HARTFORD — Connecticut’s House of Representatives passed a bill to repeal capitol punishment by a vote of 86-62 last week.
Repealing the death penalty has struck a chord with a lot of people, including local representatives.
“I believe some crimes are so heinous, so vicious that the only just punishment is capitol punishment,” state Rep. David Labriola (R-131) said.
The bill has passed the state Senate and House. Gov. Dannel Malloy has said he will sign the bill, which would make Connecticut the 17th state to abolish the death penalty. The bill will only abolish the death penalty for future crimes. Inmates on death row still face death.
Labriola said he has consistently voted against repeal of the death penalty. He was among those who voted against it in the House last week.
State representatives Len Greene (R-105) and Rosa Rebimbas (R-70) also voted against the bill.
“There are, in my opinion, certain crimes which warrant the gravest of penalties, and there is no graver penalty than that of execution,” said Greene in a press release.
Rebimbas declined to comment.
Labriola was concerned with what would happen to the 11 people already on death row in the face of the repeal of the death penalty.
“This notion that the bill would be prospective … is a fraud on the people. You can’t have it both ways,” Labriola said.
Labriola felt the prisoners on death row would be able to challenge the constitutionality of remaining on death row.
One of the arguments for them being released from death row to life in prison is that if they were to commit the exact same crime now, they would not be on death row.
Labriola felt it was hypocritical of Malloy to say that the inmates would still face the death penalty after this bill was passed.
“It is utterly false that the people on death row will be executed. They will automatically have their sentences reversed,” Labriola said.
While waiting to vote, Greene thought about how he felt and how the people he represented felt about this issue.
“After a great deal of reflection, and after speaking with many of my constituents and my family, I made the difficult decision to vote against repealing the death penalty. This decision did not come easy for me due to the gravity of the issue, but I do believe that the death penalty is workable and does serve a purpose in our criminal justice system,” said Greene.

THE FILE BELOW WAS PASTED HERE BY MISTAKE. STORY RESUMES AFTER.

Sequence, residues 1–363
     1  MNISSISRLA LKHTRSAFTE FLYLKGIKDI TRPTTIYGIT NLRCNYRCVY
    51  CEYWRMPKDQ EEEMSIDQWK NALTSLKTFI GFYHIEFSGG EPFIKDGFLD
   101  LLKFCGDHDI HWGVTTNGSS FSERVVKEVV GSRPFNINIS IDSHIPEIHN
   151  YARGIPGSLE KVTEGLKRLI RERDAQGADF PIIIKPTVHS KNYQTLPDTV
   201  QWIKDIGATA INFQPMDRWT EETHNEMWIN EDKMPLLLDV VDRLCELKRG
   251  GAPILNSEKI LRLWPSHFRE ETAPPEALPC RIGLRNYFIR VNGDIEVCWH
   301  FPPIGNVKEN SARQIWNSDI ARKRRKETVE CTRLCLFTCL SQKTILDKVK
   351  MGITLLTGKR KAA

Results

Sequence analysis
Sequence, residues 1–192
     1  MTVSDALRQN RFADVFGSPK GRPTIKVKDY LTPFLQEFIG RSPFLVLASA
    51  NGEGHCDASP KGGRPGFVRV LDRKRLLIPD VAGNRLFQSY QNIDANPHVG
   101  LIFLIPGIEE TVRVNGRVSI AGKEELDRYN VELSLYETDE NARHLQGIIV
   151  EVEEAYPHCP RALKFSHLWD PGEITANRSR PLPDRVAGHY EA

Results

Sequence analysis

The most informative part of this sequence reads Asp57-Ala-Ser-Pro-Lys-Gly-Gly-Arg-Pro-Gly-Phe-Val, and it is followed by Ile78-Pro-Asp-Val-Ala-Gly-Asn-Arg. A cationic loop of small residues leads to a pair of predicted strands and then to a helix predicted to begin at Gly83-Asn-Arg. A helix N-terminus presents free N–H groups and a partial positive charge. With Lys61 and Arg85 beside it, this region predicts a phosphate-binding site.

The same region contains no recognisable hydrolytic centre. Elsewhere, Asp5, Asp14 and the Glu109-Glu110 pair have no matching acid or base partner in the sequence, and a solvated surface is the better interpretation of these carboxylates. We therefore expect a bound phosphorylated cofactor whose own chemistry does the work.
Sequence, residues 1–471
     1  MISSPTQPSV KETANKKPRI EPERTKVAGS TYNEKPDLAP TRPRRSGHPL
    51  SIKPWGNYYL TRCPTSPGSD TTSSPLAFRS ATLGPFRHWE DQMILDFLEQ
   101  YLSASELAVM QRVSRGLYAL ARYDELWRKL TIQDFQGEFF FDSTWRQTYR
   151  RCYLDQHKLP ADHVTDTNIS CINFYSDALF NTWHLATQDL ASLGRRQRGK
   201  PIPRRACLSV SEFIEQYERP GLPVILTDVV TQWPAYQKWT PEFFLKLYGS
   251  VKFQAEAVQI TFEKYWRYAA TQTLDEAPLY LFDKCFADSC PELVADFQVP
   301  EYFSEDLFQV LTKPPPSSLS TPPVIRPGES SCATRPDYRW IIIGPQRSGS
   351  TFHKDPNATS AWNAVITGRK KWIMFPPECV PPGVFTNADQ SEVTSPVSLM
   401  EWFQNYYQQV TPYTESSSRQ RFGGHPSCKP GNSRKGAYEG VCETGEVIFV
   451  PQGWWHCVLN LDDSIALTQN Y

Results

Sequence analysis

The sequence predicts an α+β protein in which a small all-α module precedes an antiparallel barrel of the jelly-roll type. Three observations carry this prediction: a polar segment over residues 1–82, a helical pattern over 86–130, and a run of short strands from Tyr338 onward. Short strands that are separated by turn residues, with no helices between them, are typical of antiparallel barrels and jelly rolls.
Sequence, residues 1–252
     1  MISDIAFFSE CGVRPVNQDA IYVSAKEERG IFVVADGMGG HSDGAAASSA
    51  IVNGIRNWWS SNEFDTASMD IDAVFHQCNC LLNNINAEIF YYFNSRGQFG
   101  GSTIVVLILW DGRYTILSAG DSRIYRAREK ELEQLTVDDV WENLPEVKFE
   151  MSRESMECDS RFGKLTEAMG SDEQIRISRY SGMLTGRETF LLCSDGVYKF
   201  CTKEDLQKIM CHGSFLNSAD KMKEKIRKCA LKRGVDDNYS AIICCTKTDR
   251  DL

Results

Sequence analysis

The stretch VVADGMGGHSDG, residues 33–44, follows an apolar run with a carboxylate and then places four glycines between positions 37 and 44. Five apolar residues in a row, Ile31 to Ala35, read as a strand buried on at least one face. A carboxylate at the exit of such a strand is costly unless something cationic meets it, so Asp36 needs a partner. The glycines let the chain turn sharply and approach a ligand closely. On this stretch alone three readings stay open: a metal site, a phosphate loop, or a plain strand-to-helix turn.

Both Greene and Labriola were concerned with the safety of the correction officers who work in the prison and other prisoners, who are kept with those that would be on death row.
Greene and Labriola pointed out that the repeal of the death penalty meant that there was one less reason for prisoners not to commit violent crimes while incarcerated.
Greene found fault with the argument that the death penalty doesn’t help prevent crime.
“While the death penalty has been questioned as to its viability as a deterrent for crime, I strongly disagree. If the penalty can alter the decisions that lead to even one crime against an innocent victim, then it should remain,” Greene said.
Labriola felt that the notion that the death penalty was more expensive than life in prison was a false one. He said that a defendant facing life in prison without parole would fight as hard for an appeal as someone who was facing the death penalty.
The two also agreed that the repeal of the death penalty was going to be difficult on the families of victims.
Greene was concerned the new bill will reopen the pain and suffering of the families if new trials are granted.
“It’s a slap in the face to the victims’ families,” Labriola said.
Labriola added the death penalty was important to the state because it gave prosecutors leverage when dealing with a difficult situation.
“Defendants will plead guilty to life without parole when they know there is a death penalty,” Labriola said.
In the end, for Greene, it came down to providing safety for citizens.
“Maintaining the highest level of public safety and providing an appropriate level of justice in our society are two of the most important responsibilities that I have as a state official, and I believe that by repealing the death penalty we are not fulfilling our responsibilities,” Greene said.
State Rep. Vickie Nardello (D-89) voted in favor of repealing the death penalty. She could not be reached for comment.